Do-It-Yourself Open Data Pilot Project for Municipal Governments now underway


May 31, 2017

By Jean-Noé Landry (Executive Director, Open North) and Mélanie Robert (Executive Director, Information Management and Open Government, Treasury Board of Canada Secretariat)

Open data has spread rapidly across all levels of government in Canada. Many municipalities were early adopters and now have thriving and popular open data programs and initiatives. From coast-to-coast-to-coast, towns and cities are adopting open data policies, developing open data roadmaps as part of their open government strategic plans, launching open data portals, and increasingly offering more public data in open formats. Still more cities large and small are intrigued by open data and want to use it to serve their residents better.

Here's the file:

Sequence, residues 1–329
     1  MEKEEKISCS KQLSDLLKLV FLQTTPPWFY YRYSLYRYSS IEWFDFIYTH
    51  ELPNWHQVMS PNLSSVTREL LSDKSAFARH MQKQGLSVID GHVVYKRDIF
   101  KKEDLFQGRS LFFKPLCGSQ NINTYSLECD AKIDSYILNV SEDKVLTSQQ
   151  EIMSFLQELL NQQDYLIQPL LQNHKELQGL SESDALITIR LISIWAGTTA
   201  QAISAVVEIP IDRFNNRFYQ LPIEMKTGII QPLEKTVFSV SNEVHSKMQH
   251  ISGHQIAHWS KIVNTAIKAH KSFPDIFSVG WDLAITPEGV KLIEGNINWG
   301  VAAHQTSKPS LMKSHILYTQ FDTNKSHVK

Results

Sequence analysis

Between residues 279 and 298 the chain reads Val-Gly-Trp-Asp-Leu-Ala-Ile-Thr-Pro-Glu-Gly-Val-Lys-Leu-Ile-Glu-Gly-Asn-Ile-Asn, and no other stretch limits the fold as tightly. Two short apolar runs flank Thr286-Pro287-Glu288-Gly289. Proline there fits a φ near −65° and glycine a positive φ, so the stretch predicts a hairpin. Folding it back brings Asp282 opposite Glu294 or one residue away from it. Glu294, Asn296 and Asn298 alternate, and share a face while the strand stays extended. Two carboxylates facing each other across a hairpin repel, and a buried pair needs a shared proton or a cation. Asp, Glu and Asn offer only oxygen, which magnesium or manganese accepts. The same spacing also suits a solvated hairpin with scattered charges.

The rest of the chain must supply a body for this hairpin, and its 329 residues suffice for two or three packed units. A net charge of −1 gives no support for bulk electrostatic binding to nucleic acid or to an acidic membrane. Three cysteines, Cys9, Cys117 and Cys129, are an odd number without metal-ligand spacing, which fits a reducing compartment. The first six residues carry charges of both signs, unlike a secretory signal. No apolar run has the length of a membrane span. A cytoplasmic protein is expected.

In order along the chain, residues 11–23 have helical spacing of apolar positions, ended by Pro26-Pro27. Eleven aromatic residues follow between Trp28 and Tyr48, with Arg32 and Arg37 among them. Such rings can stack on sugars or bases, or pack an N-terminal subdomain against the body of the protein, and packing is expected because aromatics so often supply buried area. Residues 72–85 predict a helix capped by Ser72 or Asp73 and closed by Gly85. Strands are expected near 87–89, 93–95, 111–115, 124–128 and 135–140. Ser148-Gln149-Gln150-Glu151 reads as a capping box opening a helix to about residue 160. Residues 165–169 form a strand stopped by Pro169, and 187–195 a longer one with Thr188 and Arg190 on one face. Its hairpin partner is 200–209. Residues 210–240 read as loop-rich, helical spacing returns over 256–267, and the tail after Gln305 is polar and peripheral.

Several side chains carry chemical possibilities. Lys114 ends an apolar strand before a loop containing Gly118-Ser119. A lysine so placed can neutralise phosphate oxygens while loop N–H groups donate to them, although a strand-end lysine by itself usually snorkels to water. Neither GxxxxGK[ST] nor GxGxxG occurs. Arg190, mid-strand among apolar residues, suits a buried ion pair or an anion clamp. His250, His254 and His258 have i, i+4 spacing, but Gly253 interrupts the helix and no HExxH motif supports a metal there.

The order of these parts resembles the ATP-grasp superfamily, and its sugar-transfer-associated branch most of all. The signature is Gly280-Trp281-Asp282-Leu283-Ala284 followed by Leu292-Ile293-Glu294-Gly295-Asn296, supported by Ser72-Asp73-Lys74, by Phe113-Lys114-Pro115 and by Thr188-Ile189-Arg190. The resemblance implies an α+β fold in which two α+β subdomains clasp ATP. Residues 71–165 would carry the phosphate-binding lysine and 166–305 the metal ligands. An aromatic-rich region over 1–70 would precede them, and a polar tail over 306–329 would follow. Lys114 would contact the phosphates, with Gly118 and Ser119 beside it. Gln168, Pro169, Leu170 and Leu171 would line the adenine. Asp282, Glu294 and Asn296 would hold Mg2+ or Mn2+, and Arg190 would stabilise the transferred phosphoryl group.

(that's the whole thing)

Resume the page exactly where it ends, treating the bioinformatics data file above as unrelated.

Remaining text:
To help cities accelerate open government, Open North, with support from the Government of Canada, is piloting the development of a do-it-yourself (DIY) open data toolkit for municipalities. The DIY toolkit, which will be available on the portal, will provide comprehensive guidelines and a step-by-step process to allow municipalities to initiate an open data program.